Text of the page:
It’s 80 minutes of opaque imagery and disdain towards the viewer’s safe haven. Contorted, writhing, and phantasmal. Beneath a mound of corpses, disorienting cuts, and a tar-dark aesthetic, resonates a poignant dosage of what this story is, and why we are obsessed with visual storytelling.

Ah crap, do I gotta draw the lines between this and Guernica still? I mean it should be obvious. They’re both received similarly. “It’s hard to look at” “That’s not how it’s supposed to go” “I don’t like it”. But what was the purpose of that work? It wasn’t mean to be an inspirational poster, rather a horrendous impression of a horrendous reality.

The scarce dialogue and muddied visuals (just turn out the damn lights or crank the brightness), weren’t to entertain or spoon-feed understanding, but intrude upon the viewer’s otherwise panoptic perspective. Simply put, it doesn’t show a battle, it drags you through it consent or not. Miguel Sapochnik, expressed verisimilitude with The Battle of Bastards, and illustrated a nightmare in The Long Night.

And yet, a pristine simplicity harmonizes the episode to the rest of the saga. Efficient conclusions are often confused with lazy writing because, I don’t know, reasons. Maybe I’m mistaken. But the allure of Game of Thrones as a visual medium is the card-house of subplots and characters and scenes and locations and bullshit toppled by a single gust. The great twists in this series, and in visual stories in general, are surmised into seconds. Ned’s demise, the red wedding, the purple wedding, Oberyn, you name it. All condense down to a single oversight or that dooms a major character(s) and all their buildup or what have you.

The fact that such a premier series arc and the longest battle sequence ever filmed ends with a single assassination is indicative of the narrative’s perceptions of parity and death. Brought into being by a knife to the chest, and removed by a knife to the chest. The dreary piano montage serves as both an auditory catharsis and a plot hand-wave, no matter the battle strategy, character death, or dialogues, this montage would have happened… inescapably. The remaining method to silence the piano is to convince the night king he won, then execute him. A magical entity designed to one thing, and fails because of its inherent fixation on that purpose.

It’s impressionistic, foreboding, and fatally concentrated, like its focal opposing characters. Would it have felt more formal to have a poster character like Jon or Danny defeat the Night King, or strike down every single wight one by one? Sure. But they had their chance, and failed. No one is subtle, enshrouded, and effective.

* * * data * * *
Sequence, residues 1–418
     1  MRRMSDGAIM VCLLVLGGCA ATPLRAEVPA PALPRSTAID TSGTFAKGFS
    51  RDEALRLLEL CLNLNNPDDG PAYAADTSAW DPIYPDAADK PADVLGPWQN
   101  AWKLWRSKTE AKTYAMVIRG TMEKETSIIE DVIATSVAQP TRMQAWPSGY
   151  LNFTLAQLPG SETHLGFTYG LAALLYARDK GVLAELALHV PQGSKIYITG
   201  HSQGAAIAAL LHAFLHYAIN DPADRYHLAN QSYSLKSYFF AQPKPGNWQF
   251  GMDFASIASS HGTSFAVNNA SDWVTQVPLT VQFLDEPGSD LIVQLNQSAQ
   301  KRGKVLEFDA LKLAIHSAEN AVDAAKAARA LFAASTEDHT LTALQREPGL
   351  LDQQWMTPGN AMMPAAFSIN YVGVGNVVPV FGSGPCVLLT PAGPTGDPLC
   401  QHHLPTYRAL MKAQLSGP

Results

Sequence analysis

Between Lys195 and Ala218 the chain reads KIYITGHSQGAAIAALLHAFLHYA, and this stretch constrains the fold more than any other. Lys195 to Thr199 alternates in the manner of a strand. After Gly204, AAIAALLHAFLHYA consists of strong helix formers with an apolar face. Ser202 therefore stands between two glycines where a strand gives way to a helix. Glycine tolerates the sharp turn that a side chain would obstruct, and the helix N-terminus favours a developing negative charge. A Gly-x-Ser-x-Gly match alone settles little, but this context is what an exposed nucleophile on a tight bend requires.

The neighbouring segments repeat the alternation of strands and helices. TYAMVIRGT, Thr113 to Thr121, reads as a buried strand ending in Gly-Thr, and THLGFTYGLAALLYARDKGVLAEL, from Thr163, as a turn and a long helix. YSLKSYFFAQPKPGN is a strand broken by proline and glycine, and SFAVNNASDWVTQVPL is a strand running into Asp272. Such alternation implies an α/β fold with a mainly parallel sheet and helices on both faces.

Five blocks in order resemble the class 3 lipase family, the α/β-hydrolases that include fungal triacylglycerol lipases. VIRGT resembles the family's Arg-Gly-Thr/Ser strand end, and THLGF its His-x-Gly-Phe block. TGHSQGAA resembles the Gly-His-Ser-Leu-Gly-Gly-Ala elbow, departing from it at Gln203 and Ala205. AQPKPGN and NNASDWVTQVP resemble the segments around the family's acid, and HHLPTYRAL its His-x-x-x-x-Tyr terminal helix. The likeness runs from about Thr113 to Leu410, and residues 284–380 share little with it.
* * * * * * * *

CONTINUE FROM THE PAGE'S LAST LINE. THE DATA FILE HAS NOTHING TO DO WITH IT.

This was not the grandiose painting that would woo crowds and garner applause. This episode was more cubist, twisting the conventions of comfort, expectations, and presentation to achieve an artistic goal. A masterwork that need not be universal.

But really… what is Game of Thrones?

This writing is dark and full of spoilers…

On this Sunday afternoon of what I like to call Sagabowl Weekend, I have a few waning hours to write before the next installment of the paramount HBO drama series, that everyone has already been talking about all decade. But, I have to say, a vast majority of discussions focuses on individual constituents, and not the sum of the larger whole.

It’s not a bad thing. I’m proud of and impressed by the maester-like knowledge and three eyed raven foresight the fan base demonstrates when they develop theories and predict possible outcomes. As for me, I don’t know who’s gonna bang who, who leads the dead pool, or who’s gonna win the spikey chair lotto. But I think at this point in the story, and in a short few weeks, those will be extraneous things anyway. More to the point, when the credits roll on the finale, what will this all mean?

I enjoy GoT for entertainment purposes and hype, sure. I totally admit to being a lowest common denominator fan that just sits on Youtube, re-watches fights, recites one-liners and is cool with a couple logic gaps, like Gendry’s Olympic marathoner speed in Beyond the Wall. The wheels on that lad, one of my favorite tid bits in the show, but I digress. The cohesion and culmination of numerous meticulous plot arcs into potent catharsis and specific thematic through-lines, is the beauty I find in the whole thing. Simply put, I hit play for the scope and fantasy, but binge for the concise poignancy. It’s not just in the “how many” in the count of the steps/setups, but in the “how much” the payoffs satisfy.

The Knight of the Seven Kingdoms episode illustrates this for me on a visual and literal level. In a series renowned for complex intrigue and untamable twists, a sentimental tope-tastic, “one last night” affair stands out, and perhaps reminds, all of us the hidden reason why we watch. A stabbing isn’t shocking to some chucklehead you don’t give a shit about, conflict is crap if its impersonal, and tender hugs aren’t warming if there is no heart in them to begin with.

Don’t get me wrong, the political allegories, ethical nuances, and dizzying scale, provides food for higher thought, but the earnest and impassioned human experience anchors the narrative. It answers the question, why is a narrative about mudhouses and cavalry so resonate to an audience of instant communication and black hole photos? Modern living can be cold, calculated even. Like the crushing weight from immediate dangers and still-awaiting demise in the story. As a face to face connection feels like fresh air, so does watching once conflicted characters share some drinks before a dreadful undead reckoning. Authentically empathetic. Maybe it’s not so fictitious fantasy after all?

Yes, a precariously optimistic outlook on a plot wrought with distressed pessimism. But isn’t that the conflict that makes great narratives so compelling? Maybe that’s what Game of Thrones will turn out to be. A boundless world and drama capped in three forlorn yet caustic mantras “all men must die” “winter is coming” and hopefully, for these ever-burdened individuals we’ve come to know as dear friends, “a dream of spring.”